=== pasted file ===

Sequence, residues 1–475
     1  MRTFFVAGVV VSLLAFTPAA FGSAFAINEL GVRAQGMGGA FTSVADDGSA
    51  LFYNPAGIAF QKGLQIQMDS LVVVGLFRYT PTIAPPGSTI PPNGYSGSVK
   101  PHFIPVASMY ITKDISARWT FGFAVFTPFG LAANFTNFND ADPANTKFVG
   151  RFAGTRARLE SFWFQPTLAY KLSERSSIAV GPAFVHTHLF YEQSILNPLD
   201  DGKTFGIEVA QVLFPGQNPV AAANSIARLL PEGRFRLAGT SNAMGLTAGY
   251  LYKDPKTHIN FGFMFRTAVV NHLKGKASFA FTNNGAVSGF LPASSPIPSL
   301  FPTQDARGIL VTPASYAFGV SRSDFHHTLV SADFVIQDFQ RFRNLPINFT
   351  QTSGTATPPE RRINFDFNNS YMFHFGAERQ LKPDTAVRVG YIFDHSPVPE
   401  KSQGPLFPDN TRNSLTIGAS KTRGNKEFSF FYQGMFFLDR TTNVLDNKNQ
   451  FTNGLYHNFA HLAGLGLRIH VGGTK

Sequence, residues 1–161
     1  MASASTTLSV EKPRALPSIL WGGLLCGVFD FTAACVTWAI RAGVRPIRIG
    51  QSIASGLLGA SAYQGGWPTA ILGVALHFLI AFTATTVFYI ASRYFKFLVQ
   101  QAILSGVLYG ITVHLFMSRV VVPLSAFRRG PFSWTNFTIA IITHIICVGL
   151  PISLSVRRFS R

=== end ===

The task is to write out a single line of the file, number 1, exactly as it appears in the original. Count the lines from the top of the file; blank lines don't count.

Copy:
Sequence, residues 1–475